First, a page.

- The trailhead parking lot is located on the east side of Clark Road about 0.6 miles from Route 9/Lake Shore Road.
- Leaving the parking lot, the hardened access trail travels through a field in the early stages of succession, then crosses a hedgerow into another field that is actively mowed before ending at a raised pad overlooking the swamp.
- The pad provides unblocked views across a large expanse of the swamp and serves as a turn around spot for wheelchairs.
- The variety of habitats that can be viewed from the access trail provides an opportunity to view a wide range of bird species and other wildlife.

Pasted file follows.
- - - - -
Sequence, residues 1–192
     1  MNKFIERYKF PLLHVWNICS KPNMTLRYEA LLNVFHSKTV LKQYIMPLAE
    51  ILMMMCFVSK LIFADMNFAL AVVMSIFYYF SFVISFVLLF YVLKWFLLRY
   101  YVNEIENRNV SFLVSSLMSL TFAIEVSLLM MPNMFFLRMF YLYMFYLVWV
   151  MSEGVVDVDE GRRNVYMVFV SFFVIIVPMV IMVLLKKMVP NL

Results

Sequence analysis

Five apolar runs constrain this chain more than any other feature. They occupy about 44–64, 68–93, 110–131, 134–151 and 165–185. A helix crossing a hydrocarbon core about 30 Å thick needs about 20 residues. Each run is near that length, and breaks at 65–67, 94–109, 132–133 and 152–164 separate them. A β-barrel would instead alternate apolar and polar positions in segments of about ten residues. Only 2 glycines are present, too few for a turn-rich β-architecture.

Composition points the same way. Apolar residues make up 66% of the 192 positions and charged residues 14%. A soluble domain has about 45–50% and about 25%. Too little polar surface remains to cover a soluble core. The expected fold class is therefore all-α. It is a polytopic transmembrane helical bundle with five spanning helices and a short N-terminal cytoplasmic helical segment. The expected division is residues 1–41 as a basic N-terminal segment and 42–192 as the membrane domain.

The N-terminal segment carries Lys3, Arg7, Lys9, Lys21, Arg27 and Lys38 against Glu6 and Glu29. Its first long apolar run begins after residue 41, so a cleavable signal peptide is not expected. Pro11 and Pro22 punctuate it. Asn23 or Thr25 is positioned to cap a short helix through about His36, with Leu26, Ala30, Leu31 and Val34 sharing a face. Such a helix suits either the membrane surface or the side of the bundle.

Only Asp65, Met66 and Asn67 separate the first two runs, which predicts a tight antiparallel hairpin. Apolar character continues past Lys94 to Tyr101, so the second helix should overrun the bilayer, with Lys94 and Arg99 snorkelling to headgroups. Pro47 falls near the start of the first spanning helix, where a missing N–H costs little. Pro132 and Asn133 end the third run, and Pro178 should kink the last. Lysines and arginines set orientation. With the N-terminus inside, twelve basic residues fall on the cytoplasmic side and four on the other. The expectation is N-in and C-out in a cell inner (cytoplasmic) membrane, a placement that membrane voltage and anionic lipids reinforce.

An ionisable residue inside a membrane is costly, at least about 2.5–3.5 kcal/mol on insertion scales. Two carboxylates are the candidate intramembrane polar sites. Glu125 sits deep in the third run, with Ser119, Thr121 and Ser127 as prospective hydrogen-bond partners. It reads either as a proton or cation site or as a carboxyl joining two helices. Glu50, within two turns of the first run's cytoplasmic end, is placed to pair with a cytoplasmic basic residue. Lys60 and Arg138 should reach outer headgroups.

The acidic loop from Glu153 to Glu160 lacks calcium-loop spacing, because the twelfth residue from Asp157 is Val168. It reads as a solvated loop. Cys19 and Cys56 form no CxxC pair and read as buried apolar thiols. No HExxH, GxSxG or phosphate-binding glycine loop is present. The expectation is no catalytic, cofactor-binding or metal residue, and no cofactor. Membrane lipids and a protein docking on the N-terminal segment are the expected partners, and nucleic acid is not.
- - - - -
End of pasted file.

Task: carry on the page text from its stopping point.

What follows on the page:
- The National Weather Service in Burlington provides a weather forecast for Lake Champlain. Use the link near the bottom of the right column to access the forecast. (2012)
Taylor Pond Wild Forest
- All rock climbing routes on the Main Face of Poke-O-Moonshine Mountain are closed at this time to allow for Peregrine Falcons to choose nesting sites except for the climbing routes #1 thru #24 described on pages 38-45 of Adirondack Rock - A Rock Climber's Guide. Adirondack Rock Climbing Route Closures provides more details including the purpose of the closure. (4/11)
- The Poke-O-Moonshine Fire Tower is closed until next summer. DEC thanks the Friends of Poke-O-Moonshine, their student steward and their volunteers who provided interpretation and public access to fire tower. (2013)